Andrea: I bet it is. :) It says on your newly designed (and gorgeous) website that you were led to romance novels at an early age. What was the first romance that you remember reading?
Kate: I remember all the details of the first romance novel I ever read, except, unfortunately, for the title or author. My cousin was visiting for a week one summer and she left behind this book. It was a kisses-only (hey, I was like 11 or 12), category-length historical romance, where the girl next door – who was impoverished but made ends meet by giving piano lessons – had, as a child, adored the boy next door. He, of course, was the heir to a great estate. But he “died” early, except he was really kidnapped by his Spanish maternal grandfather, and raised by him, his mind being poisoned against his English family. He comes back, not telling anyone who he is, and accidentally sprains the ankle of (I think he falls out of a tree on her) the girl next door. She is naturally taken by him – and the only person she’s ever been taken by before was the boy who died. Eventually, she figures out who he is, makes him come out to his father, and everything is patched up nicely.
I must have read that book ten times that summer. I can picture the cover too – she has dark hair, is wearing a light blue dress and is sitting down looking up at this guy. (If anyone has any idea what the title of this book is, let me know!)
Andrea: Ooooh, it sounds like a good book! Surely someone out there knows what it is. Kate, what is one piece of advice that you were given that you would give to aspiring authors?
Kate: Do NOT give up. Perseverance is the greatest gift any writer can have, because there are people who are going to like your work, and they are going to tell you. Critique groups, agent rejections... You just have to keep your head down and keep writing.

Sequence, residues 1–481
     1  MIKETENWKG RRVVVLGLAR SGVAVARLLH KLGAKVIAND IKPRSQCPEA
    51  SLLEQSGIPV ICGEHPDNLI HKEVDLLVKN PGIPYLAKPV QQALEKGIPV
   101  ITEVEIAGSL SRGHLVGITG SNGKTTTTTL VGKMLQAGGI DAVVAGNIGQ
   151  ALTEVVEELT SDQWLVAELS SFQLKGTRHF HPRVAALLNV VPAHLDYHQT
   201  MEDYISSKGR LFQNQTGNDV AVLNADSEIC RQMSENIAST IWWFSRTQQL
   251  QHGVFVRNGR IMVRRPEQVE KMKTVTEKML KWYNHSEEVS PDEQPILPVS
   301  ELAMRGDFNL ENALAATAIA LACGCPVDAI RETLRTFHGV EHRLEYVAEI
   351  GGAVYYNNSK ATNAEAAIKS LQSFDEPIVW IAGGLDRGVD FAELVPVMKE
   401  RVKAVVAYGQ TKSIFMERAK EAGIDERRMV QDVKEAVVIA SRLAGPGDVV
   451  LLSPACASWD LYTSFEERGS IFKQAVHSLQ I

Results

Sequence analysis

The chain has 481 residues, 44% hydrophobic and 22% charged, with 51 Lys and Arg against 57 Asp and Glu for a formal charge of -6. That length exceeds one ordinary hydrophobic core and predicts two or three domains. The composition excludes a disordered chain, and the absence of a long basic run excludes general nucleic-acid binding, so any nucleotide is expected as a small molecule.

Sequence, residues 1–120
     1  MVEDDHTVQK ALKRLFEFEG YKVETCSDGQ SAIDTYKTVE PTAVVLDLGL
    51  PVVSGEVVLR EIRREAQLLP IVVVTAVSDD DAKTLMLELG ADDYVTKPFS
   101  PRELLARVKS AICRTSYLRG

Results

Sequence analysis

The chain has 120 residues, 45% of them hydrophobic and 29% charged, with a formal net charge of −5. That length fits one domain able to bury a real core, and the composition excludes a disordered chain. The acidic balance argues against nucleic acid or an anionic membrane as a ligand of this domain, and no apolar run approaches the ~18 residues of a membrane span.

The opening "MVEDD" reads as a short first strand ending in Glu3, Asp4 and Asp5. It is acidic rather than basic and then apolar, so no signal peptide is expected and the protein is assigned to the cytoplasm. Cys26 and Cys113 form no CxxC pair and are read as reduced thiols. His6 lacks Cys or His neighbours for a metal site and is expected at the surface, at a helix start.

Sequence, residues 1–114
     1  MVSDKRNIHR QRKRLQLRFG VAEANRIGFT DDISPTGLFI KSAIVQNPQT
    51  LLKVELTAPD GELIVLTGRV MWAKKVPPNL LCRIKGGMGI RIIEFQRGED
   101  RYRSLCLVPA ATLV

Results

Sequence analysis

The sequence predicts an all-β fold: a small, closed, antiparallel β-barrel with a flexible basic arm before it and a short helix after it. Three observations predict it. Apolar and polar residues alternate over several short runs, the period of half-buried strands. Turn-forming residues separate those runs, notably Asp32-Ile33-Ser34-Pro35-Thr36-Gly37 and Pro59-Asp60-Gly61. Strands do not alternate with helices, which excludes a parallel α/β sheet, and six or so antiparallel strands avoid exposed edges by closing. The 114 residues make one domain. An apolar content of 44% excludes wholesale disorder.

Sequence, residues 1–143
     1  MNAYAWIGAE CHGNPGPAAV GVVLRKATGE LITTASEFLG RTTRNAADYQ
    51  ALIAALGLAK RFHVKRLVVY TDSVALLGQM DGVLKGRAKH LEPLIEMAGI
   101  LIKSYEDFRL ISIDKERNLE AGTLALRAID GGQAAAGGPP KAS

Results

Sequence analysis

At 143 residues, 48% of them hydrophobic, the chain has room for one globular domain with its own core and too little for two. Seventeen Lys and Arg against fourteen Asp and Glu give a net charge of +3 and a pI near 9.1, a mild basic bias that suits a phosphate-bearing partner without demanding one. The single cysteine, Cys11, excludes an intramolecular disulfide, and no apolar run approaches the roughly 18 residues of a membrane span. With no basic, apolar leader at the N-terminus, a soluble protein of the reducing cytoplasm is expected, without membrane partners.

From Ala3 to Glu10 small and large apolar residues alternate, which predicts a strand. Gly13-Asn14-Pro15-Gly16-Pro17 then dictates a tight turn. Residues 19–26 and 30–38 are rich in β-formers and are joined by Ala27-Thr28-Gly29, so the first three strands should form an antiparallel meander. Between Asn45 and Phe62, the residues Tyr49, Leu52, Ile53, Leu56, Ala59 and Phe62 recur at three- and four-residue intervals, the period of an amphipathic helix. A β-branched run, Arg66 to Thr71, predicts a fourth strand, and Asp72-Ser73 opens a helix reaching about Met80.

Andrea: That is wonderful advice. So, what hobbies/activities do you like to do when you’re not writing?
Kate: Is sleeping a hobby? In all seriousness, writing keeps me pretty busy, but when I’m not writing, I like a good movie night, and riding my bike on the beach. (It’s pink. The bike, not the beach.)
Andrea: LOL! What’s up next for you? (I’d like to see a story for a certain miss who had her heart broken, but maybe that’s just me *g*)
Kate: Well, you just may get your wish! I’m currently working hard on the next novel due out Spring 2012, which may or may not be about a certain heart-broken miss, who turns into quite the heart-breaker.
Andrea: Squeeeee! *keeping fingers crossed* Okay, it's Quick Six time!
Coffee or tea? Tea
Dogs or cats? Dogs
Heels or flats? Flats
Early bird or night owl? Night owl
Comedy or drama? Drama
And the most important: milk chocolate or dark? WHY MUST I CHOOSE????
Andrea: Okay, you don't have to choose. Personally, when it comes to chocolate, I'm not picky. *g* Thanks so much for answering my questions, Kate. Now it’s your turn—is there a question you’d like to ask our readers?
Well, since we were discussing romance tropes – Follow My Lead is very obviously a road trip romance. What are your favorite romance themes? The friends-to-lovers? The Florence Nightingale? The Secret Baby? (This is pure market research – I want to know what I should write next!)
One lucky commenter will win a copy of Follow My Lead! (U.S. and Canadian residents only)
Kate Noble is the national bestselling author of critically acclaimed, deeply romantic historicals. Visit http://www.katenoble.com/ for info about Kate, her books, excerpts, contests, and more!